Society
Joaquin Flores
June 22, 2020
© Photo: REUTERS/Elijah Nouvelage

Imagine believing that you know what is in the best interests of others, and worse, ones you have never even met, and worse still, believing you have a right to improve their situation in the manner and timeline you see fit. The belief that one has the right to save the world is termed ‘communal narcissism’. Therein lies the first problem with progressive imperialism.

The American left in the realm of foreign policy suffers from a type of prosocial communal narcissism, based in their own self-appraisal that their best intentions will be realized in the best outcomes for others, as the narcissist has themself defined it.

But the American left is significantly more dangerous and grotesque compared to standard justifications of imperialism, because it frames the discourse in such a way that it is blind to its own chauvinism, and believes itself to speak for the world.

What in other countries is viewed as quite ugly – believing oneself so enlightened and righteous that they can force others into their own image – has become a quintessential aspect of American culture post 1960’s.

We arrive then at our problem; the leftist approach has relied on soft-power tactics which require a lot more imagination, and yet also hubris, to justify. It is based overtly in telling other countries how to manage themselves as being both philosophically and categorically its proclaimed mandate.

It is the most overt form of imperialism, couched in the language of the left’s understanding of human rights and universalism. It rests gently on the ears and upon the conscience if left unexamined, but in actual fact it is far more malignant. Perhaps because they are so over-used, and perhaps here because they appear to be benign, because American society accepts these as just. But the specter of Dunning-Kruger will always rear its ugly head, and the expected outcomes will almost never materialize.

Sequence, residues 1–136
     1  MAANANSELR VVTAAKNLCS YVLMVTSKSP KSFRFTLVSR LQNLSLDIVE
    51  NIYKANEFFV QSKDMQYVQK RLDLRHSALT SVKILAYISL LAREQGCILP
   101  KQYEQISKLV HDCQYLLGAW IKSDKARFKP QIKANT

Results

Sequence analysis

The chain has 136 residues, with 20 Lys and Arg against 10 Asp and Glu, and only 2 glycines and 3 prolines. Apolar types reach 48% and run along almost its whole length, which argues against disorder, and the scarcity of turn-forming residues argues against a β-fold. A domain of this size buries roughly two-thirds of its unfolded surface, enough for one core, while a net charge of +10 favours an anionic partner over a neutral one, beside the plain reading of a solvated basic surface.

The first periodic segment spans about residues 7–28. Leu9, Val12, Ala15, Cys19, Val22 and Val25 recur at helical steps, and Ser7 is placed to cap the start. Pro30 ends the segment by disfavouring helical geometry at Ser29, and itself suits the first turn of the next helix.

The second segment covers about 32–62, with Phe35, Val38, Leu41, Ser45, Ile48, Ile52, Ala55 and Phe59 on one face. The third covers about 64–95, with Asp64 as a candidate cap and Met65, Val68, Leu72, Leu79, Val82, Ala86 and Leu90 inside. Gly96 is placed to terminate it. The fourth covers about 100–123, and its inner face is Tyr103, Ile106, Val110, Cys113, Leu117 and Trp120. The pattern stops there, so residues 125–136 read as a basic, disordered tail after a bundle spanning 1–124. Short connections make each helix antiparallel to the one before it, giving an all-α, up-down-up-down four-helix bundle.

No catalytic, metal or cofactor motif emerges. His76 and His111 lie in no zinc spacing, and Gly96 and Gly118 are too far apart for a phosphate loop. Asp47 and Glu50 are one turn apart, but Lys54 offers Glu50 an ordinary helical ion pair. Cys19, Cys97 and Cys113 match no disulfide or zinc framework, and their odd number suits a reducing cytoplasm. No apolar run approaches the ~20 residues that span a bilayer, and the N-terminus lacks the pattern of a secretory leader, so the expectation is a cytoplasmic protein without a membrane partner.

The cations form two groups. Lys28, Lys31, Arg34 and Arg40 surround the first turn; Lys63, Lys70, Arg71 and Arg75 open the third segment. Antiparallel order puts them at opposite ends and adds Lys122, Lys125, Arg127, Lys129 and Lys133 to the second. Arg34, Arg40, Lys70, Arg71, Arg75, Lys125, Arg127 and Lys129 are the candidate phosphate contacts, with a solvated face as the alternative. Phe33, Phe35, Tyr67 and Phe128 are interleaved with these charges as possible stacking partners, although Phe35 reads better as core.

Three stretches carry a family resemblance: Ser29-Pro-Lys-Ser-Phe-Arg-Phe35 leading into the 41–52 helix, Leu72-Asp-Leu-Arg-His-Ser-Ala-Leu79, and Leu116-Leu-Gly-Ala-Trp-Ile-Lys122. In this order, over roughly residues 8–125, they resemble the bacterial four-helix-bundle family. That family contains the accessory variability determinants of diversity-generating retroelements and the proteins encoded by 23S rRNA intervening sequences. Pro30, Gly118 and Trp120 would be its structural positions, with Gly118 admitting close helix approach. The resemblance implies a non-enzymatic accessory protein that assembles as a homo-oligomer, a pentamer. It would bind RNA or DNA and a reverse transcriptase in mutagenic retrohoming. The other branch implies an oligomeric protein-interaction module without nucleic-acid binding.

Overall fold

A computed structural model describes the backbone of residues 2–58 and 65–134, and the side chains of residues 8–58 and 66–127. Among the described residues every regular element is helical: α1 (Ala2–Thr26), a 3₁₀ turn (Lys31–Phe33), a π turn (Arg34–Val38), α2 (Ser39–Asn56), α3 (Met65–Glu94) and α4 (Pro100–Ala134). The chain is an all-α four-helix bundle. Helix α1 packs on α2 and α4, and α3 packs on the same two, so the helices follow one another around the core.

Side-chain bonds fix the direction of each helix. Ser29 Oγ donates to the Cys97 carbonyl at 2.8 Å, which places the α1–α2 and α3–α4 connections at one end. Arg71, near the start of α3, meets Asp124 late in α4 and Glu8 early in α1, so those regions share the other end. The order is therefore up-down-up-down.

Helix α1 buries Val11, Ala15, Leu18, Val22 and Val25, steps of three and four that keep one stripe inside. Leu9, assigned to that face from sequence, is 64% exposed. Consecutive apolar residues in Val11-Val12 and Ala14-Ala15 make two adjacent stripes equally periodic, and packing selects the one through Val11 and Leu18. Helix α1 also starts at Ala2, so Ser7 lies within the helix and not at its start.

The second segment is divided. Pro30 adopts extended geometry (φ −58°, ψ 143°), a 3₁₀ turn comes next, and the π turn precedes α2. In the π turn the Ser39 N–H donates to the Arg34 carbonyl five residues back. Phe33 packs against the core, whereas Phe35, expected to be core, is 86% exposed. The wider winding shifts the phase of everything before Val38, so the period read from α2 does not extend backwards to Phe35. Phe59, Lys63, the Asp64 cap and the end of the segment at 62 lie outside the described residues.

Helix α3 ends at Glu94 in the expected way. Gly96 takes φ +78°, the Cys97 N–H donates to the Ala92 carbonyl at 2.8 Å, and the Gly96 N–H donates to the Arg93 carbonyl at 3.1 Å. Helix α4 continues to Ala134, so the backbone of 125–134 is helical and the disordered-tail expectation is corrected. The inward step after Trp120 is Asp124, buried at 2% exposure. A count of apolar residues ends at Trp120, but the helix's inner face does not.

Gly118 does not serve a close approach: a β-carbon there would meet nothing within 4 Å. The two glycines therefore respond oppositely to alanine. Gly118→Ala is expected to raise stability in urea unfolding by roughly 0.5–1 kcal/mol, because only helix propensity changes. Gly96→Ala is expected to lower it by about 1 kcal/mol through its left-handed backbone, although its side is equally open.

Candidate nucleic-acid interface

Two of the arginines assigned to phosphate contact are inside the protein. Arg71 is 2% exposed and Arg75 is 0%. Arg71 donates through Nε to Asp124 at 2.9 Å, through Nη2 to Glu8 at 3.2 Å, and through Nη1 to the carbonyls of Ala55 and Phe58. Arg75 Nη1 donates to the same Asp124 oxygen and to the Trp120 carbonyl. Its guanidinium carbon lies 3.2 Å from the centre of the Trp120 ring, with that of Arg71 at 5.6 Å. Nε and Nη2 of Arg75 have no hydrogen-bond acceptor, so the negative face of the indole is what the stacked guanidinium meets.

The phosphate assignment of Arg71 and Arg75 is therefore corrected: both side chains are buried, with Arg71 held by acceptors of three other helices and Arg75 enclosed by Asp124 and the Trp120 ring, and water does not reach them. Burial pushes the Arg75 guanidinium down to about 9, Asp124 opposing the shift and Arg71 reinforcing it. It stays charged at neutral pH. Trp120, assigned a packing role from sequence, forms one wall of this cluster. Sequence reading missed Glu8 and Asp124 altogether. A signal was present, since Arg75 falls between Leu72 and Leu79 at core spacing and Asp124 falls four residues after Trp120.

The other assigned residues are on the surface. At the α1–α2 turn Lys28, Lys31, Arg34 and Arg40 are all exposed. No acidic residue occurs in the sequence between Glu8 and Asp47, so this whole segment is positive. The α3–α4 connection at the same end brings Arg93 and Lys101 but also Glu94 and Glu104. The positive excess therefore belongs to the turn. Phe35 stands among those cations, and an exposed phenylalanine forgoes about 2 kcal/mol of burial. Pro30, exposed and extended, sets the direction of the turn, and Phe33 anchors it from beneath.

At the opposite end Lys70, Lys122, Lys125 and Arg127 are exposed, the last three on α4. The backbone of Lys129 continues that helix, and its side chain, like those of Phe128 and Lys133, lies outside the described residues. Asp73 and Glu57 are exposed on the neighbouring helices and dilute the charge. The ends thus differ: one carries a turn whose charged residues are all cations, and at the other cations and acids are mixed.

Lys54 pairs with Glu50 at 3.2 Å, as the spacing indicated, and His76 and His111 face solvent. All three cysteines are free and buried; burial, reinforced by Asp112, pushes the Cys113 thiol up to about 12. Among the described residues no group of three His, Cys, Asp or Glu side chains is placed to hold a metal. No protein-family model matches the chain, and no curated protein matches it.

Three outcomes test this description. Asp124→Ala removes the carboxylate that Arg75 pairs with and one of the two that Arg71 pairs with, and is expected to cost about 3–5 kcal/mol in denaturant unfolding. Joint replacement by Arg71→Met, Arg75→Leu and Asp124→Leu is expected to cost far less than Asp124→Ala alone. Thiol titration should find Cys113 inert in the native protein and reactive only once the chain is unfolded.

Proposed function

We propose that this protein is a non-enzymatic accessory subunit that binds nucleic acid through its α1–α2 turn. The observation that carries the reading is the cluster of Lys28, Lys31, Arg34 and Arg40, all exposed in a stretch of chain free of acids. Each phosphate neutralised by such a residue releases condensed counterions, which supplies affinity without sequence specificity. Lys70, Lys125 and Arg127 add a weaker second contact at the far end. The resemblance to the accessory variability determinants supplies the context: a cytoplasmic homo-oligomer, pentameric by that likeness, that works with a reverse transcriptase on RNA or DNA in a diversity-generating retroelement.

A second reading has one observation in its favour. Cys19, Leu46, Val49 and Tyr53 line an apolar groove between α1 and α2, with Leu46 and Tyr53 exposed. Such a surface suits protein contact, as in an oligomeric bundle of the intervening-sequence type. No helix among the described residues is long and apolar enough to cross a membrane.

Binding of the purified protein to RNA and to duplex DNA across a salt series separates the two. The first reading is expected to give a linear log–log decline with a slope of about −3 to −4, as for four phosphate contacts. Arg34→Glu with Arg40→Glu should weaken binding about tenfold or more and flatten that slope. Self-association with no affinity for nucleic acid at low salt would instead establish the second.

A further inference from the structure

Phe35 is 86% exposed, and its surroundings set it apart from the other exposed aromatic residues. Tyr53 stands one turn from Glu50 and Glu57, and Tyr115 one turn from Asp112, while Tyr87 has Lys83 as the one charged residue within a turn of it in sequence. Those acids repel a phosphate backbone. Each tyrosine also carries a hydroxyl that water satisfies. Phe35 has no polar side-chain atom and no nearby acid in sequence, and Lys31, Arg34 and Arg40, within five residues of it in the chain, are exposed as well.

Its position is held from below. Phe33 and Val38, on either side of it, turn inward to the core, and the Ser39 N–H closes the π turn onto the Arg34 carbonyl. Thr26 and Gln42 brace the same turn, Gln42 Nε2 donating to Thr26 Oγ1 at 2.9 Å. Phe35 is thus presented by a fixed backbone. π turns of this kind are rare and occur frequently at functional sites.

And in typical gas-lighting fashion, the failure of the subject nation to live up to the vision of the narcissist will be blamed upon the subject.

Most dangerously, soft-power tactics situate themselves outside of the founding principles of national self-determination and sovereignty that the UN was established upon in the post-war years, and yet exploits the various corrupt alphabet soup of organizations and agencies that operate under the UN’s umbrella.

Soft-power tactics were born out of a cultural shift within the U.S.., the development of media and later new media, as a form of propaganda and manufactured consent. The role of television media reporting on Vietnam left an American public taken aback by raw images of the terrorism and horror that is war.

Gone forever was the myth of purity of arms. And so a new myth, the myth of soft-power towards regime change, had to be built.

While soft-power tactics may at first appear to be less harmful to the target, because ‘military’ is not used, the socio-economic outcome of such an approach is the very definition of collective punishment and civilian targets, targets which if zeroed in on by the military would qualify as war crimes and crimes against humanity by any reasonable measure.

Enter the Save the World Generation of 1968

The ‘save the world’ generation in America that emerged from the utopian leanings of 1968, in part also out of opposition to the Vietnam War, came to define the left-wing version of American foreign policy.

The popular opposition to the war in Vietnam signaled the need for a new era in American foreign policy development. Richard Falk – the preeminent American professor emeritus of international law at Princeton University – wrote for Foreign Policy Magazine in an article titled ‘What We Should Learn from Vietnam’ published in 1970 or ‘71:

“Where there is no formidable radical challenge on the domestic scene, as in India or Japan, the American preference is clearly for moderate democracy, indeed the kind of political orientation that the United States imposed upon Japan during the military occupation after World War II. However, where an Asian society is beset by struggle between a rightist incumbent regime and a leftist insurgent challenger, then American policy throws its support, sometimes strongly, to the counterrevolutionary side.

As a result, there has been virtually no disposition to question the American decision to support the repressive and reactionary Saigon regime provided that support could have led to victory in Vietnam at a reasonable cost.”

In establishing this as a problem, Falk proposes what he terms a ‘Fourth Position’, one which would end America’s pre-occupation with supporting counter-revolutionary forces in Asia.